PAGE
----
Turkish Central Bank building in Ankara. The lira shed more than a fifth of its value so far in the year. Image Credit: Bloomberg

Dubai: Stability in lira, which has been the worst performing emerging market currency after Argentine Peso, may be short-lived as investors want Turkey to solve their structural problem on current account deficit.

Turkey’s current account deficit drop from peak

Lira has gained 6 per cent in the past three weeks against the dollar, after hitting a record low of 4.9253 on May 23 as the central bank, which has been battling double digit inflation, tried to sooth investor nerves by hiking the interest rates by 300 basis points to 16.5 per cent in May.

They hiked the rates again last week by 125 basis points ahead of the polls on Juen 24.

“The investors’ concerns relating on the central bank’s independence and current account deficit will linger and that will be something that will make people reluctant on a more sustainable basis to put money into local government bonds and that reluctance will make it difficult for Lira to stabilise in the long-term,” Koon Chow, managing director, macro and forex strategist, emerging markets fixed income asset management at Union Bancaire Privée told Gulf News from London.

The currency shed more than a fifth of its value so far in the year, compared 34 per cent fall in the Argentine Peso, the worst performing currency.

 The investors’ concerns relating to the central bank’s independence and current account deficit will linger.”

 - Koon Chow | Managing director, macro and forex strategist, Union Bancaire Privee 

The weakness in the currency is not new. The currency has been in a long-term depreciation trend against the dollar since 2012, even before the taper tantrum, indicating the depth of the problem.

Ballooning deficit

The country’s ballooning current account deficit and questions over the independence of the central bank have been the sticky points among investors. It’s annual current account deficit in 2017 was at $47.3 billion, about 36 per cent below its peak deficit in the past two decades. And Turkish President Recep Tayyip Erdogan intends to firm his grip on the central bank, according to an interview with Bloomberg TV.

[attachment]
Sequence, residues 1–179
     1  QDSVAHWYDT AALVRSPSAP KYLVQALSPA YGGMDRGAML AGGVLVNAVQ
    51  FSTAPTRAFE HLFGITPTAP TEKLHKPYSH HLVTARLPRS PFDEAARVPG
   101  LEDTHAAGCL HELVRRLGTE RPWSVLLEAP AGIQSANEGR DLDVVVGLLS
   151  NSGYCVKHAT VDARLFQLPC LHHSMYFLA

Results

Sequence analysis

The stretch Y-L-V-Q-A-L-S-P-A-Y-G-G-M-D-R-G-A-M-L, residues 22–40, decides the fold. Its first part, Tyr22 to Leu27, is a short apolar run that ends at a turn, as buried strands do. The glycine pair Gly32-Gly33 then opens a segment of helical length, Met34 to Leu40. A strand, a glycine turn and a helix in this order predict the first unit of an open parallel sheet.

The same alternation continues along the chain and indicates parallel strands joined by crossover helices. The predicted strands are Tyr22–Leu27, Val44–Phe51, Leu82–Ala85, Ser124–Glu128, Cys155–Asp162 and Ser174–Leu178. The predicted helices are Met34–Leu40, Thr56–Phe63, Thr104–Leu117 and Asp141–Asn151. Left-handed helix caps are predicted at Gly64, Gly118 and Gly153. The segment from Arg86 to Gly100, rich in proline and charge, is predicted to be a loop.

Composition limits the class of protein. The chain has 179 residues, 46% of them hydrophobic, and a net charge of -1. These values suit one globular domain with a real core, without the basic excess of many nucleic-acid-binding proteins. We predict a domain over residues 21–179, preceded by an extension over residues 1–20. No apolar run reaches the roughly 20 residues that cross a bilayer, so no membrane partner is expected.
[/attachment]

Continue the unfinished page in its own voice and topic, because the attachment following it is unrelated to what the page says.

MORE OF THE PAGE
According to our Global House Price Index, Turkey registered an annual price growth of 11.2 per cent in the year to December 2017.”

 - Kate Everit | Partner — Residential Research, at Knight Frank  

“When the people fall into difficulties because of monetary policies, who are they going to hold accountable?” Erdogan said in the interview. “They’ll hold the president accountable. Since they’ll ask the president about it, we have to give off the image of a president who’s influential on monetary policies.”


“Investors like the independence of policy makers from the government and that’s not a clear cut situation coming in from Turkey as we know the direction and the influence is coming in from the political parties on the central bank policies,” David Furey, Senior Portfolio Strategist in the fixed income, cash and currency investment team, at State Street Global Advisors said.

 Investors like the independence of policymakers from the government and that’s not a clear cut situation coming in from Turkey.”

 - David Furey | Senior Portfolio Strategist at State Street Global Advisors  

“The economy is a little bit hot and they do run a large current account deficit and they are going to nudge interest rates higher and try to tame inflation that is coming in. Turkey would be challenged in coming days ahead,” Furey added.

Investors are not feeling confident to invest their money in Turkey due to an absence of any strong steps from the government to solve the problem.

Lira gains against the dollar in the past three weeks

UBP nullified all its positions in the Turkish Lira in March, reversing its earlier “tactically long” stance on the currency.

“The bigger question going forward will there be a change more Lira supportive policy, I don’t think there will be. For me, Lira supportive policy would be one which reduces the current account deficit on a sustainable basis. There hasn’t been enough powerful steps from the government to reduce the current account deficit in the last couple of years,” Chow from UBP added.